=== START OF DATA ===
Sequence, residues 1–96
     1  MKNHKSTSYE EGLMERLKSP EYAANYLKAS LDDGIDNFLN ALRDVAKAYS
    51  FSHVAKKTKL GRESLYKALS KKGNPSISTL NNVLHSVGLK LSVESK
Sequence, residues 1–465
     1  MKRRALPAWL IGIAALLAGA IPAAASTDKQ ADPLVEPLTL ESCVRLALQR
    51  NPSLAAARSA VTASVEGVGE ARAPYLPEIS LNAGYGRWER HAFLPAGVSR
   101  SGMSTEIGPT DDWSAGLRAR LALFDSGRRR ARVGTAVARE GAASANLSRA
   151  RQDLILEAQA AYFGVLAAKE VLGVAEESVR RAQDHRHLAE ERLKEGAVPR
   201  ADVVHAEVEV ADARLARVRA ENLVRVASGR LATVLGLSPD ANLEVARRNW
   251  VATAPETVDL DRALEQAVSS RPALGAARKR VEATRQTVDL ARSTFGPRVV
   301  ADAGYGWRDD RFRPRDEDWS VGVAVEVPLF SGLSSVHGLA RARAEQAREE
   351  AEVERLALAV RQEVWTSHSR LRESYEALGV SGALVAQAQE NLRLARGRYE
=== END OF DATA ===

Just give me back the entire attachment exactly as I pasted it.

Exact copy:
Sequence, residues 1–96
     1  MKNHKSTSYE EGLMERLKSP EYAANYLKAS LDDGIDNFLN ALRDVAKAYS
    51  FSHVAKKTKL GRESLYKALS KKGNPSISTL NNVLHSVGLK LSVESK
Sequence, residues 1–465
     1  MKRRALPAWL IGIAALLAGA IPAAASTDKQ ADPLVEPLTL ESCVRLALQR
    51  NPSLAAARSA VTASVEGVGE ARAPYLPEIS LNAGYGRWER HAFLPAGVSR
   101  SGMSTEIGPT DDWSAGLRAR LALFDSGRRR ARVGTAVARE GAASANLSRA
   151  RQDLILEAQA AYFGVLAAKE VLGVAEESVR RAQDHRHLAE ERLKEGAVPR
   201  ADVVHAEVEV ADARLARVRA ENLVRVASGR LATVLGLSPD ANLEVARRNW
   251  VATAPETVDL DRALEQAVSS RPALGAARKR VEATRQTVDL ARSTFGPRVV
   301  ADAGYGWRDD RFRPRDEDWS VGVAVEVPLF SGLSSVHGLA RARAEQAREE
   351  AEVERLALAV RQEVWTSHSR LRESYEALGV SGALVAQAQE NLRLARGRYE